The nonpartisan nature of Maria’s letter was part of its draw for Ms. East. “I don’t want to scream or yell or fight with anybody,” she said, adding, “this was a pleasant, calm way” to engage.
The personal touch is key, said Scott Forman, 37, who founded Vote Forward in 2017 when he sent 1,000 handwritten notes to Alabama voters ahead of that year’s special Senate election, in which Doug Jones, the Democrat, defeated the Republican, Roy Moore.
Mr. Forman identified 2,000 registered but inconsistent voters that year, meaning they had voted in some elections but not others. Half were sent letters; turnout among recipients was 3.4 percentage points higher than in the control group.
Later races in Ohio and Virginia showed smaller returns, between one to two percentage points, Mr. Forman said. But it proved his theory that something “old-fashioned and authentic” could tip the scales.
“People’s handwriting is a real, concrete thing,” he said. “It’s very hard for me to imagine a personal letter from another human being ever being something you would totally ignore.”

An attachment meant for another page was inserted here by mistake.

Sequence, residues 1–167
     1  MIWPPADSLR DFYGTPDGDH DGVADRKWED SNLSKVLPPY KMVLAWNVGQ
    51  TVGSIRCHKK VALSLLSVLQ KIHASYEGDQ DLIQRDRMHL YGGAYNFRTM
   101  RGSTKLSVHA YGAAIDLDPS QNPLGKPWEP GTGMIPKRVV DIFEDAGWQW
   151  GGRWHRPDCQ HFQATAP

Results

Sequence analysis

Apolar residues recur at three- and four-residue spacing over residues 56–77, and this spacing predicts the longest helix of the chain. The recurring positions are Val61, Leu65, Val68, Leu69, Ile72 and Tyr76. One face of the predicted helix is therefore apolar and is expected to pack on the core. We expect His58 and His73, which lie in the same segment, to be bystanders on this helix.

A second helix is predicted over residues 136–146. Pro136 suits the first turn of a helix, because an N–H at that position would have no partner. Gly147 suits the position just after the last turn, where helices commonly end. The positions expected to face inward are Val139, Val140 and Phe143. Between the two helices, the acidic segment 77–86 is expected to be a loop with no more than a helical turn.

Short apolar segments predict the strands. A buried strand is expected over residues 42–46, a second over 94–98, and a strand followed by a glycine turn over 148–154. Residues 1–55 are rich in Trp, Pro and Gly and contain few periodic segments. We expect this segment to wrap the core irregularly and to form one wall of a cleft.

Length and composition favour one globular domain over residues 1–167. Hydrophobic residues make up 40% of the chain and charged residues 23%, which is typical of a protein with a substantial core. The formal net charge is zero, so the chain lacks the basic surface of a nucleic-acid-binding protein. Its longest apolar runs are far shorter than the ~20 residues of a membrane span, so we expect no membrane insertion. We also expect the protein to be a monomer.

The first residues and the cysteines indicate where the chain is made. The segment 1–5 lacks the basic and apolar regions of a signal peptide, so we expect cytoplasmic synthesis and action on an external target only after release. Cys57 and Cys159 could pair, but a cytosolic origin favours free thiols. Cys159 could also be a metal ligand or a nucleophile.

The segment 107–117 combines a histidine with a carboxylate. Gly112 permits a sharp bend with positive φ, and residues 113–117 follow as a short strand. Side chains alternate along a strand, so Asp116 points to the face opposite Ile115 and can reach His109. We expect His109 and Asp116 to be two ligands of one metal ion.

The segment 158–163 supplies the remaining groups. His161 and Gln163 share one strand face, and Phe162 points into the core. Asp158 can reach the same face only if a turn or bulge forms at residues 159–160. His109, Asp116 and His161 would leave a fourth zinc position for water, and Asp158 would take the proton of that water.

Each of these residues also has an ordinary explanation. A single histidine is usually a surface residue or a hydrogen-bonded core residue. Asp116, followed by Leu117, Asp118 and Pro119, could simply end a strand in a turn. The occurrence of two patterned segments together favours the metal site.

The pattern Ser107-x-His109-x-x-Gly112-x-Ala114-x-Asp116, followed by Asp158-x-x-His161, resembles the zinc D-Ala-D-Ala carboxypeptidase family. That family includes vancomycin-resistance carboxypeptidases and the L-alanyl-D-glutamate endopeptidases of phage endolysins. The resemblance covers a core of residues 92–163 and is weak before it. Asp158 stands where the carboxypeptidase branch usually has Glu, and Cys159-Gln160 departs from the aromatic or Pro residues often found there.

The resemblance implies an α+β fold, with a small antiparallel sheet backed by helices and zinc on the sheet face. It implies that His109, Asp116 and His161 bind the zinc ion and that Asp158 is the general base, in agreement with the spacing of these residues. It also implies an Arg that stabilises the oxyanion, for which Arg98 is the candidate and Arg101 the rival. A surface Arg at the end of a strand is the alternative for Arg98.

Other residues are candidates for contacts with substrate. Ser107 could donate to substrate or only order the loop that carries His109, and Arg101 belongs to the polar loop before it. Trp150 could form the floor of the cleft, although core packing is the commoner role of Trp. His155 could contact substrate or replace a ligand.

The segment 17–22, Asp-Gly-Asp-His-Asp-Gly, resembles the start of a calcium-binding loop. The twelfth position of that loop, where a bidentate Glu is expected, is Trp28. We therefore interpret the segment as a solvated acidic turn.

The efficacy of personalized political messaging is well established, according to experts. A face-to-face conversation with a neighbor or friend is better than a phone call from a stranger; a phone call is better than a form letter.
“People are moved by genuine, heartfelt communications,” said Eitan Hersh, an associate professor of political science at Tufts University. “Anything that cuts through the ads and glossy mailers and says, ‘Hey you don’t know me, but this election is so important and I really hope you’ll vote.’ It’s hard to manufacture that.”